Guerilla Archaeology? Art and Visualisation
by Tyler Mackie
This is, quite simply, very new to me in every concept when it comes to archaeology. Admittedly, I haven’t been completely ignorant to these concepts, but it would seem that on the scale of things (and in my tuition) ‘art and visualisation’ and art in prehistory, is rarely discussed in comparison to the more ‘objective’ of archaeological evidence. A friend of mines is compiling her thesis on art and visualisation in Archaeology at Edinburgh University and it is clear that the work she is doing is very ‘off the wall’ in comparison to other theses. Of course art and visualisation is very subjective, hard to pinpoint and even more so, difficult to interpret the exact meanings and representations placed in art form.
But why should it be so feared and thrown to the side? I recently watched a video of a Tedx talk regarding this, and from experiments of art and engaging with the public, it presented a wealth of information an analysed artefact in the lab, or social activity explained through ‘activity areas’ and ‘ritual deposits’, lack.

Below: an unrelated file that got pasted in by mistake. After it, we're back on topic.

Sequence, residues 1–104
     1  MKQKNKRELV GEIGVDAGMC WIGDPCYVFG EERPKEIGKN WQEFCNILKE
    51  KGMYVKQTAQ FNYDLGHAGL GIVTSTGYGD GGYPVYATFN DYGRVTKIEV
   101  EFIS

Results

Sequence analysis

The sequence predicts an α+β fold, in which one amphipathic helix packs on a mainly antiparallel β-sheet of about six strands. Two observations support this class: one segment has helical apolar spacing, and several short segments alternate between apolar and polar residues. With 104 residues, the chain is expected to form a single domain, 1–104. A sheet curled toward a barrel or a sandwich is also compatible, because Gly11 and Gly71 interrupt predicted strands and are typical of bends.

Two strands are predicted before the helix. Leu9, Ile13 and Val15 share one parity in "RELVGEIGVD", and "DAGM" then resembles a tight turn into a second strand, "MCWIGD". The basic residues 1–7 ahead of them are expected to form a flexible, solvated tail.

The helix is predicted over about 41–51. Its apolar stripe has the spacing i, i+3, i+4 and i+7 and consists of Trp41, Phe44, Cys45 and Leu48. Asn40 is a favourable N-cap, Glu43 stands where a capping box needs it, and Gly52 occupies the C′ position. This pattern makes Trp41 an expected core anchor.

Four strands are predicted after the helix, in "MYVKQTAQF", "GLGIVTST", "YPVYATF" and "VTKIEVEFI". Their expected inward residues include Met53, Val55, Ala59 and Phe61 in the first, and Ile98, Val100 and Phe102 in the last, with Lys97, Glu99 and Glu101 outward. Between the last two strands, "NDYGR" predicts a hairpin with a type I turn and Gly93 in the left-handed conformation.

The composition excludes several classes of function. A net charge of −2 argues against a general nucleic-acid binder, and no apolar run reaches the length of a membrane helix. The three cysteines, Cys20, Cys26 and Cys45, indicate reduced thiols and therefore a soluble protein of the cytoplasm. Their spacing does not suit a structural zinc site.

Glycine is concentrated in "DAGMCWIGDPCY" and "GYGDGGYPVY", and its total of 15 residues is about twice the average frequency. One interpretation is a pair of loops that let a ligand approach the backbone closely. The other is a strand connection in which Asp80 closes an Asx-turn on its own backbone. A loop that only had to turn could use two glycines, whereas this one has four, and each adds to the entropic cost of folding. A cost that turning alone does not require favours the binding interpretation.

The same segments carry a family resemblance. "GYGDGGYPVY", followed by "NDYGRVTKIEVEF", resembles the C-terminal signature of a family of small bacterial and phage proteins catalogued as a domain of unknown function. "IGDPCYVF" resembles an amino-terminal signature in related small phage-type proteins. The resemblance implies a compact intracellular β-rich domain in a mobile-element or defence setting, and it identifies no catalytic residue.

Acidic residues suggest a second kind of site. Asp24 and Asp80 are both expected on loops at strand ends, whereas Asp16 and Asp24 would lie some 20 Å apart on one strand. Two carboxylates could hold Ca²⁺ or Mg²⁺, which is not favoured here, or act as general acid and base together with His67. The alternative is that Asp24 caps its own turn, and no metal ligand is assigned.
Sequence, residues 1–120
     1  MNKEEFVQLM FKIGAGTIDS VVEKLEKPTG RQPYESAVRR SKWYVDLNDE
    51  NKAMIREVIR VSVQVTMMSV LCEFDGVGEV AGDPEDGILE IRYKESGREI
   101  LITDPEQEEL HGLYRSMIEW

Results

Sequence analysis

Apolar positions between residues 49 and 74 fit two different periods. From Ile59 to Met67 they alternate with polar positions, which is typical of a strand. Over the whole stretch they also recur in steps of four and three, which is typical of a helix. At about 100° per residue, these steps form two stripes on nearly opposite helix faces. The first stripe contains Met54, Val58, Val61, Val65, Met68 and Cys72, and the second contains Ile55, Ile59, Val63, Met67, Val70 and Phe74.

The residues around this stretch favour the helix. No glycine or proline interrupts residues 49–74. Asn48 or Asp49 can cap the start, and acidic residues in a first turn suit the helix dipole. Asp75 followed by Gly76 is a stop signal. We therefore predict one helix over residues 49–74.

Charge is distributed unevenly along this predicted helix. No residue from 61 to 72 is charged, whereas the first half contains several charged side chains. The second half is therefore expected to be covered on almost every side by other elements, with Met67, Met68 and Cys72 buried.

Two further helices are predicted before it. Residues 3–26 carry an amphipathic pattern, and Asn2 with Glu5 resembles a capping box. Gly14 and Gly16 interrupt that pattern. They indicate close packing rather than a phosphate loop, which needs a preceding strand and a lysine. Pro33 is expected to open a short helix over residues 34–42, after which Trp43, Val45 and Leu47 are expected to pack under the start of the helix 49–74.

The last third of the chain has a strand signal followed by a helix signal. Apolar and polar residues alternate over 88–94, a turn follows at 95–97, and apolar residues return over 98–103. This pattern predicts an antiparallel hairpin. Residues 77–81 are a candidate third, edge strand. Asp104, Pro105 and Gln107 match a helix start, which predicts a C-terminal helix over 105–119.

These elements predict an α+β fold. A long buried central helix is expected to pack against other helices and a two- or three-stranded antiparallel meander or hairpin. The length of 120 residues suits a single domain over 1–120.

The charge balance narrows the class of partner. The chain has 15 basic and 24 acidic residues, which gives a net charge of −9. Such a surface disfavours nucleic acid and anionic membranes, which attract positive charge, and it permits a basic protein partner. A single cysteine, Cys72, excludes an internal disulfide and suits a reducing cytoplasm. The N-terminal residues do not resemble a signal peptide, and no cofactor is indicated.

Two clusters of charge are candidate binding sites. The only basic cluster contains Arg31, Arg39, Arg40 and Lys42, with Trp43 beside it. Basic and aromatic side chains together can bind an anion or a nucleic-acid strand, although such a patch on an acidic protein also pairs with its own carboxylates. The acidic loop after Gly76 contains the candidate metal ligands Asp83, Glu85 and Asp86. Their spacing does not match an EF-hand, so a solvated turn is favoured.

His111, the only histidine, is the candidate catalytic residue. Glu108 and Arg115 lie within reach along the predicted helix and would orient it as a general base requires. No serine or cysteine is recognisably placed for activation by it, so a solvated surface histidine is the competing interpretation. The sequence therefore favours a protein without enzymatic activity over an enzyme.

If Millie’s Camp hasn’t already placed a great deal of worry on the worth of archaeological research, of the subjectivity on the things we perceive as ‘objective’ then the most ‘subjective’ must be considered as significant an aspect. Art is a human phenomenon, which we all can appreciate. Even if we cannot fully understand it. But a way to understand it is not in individual research but how it engages with the human population, how it reaches to others emotionally.
And also, wouldn’t we all want to become a part of the Shamanic Street Preachers?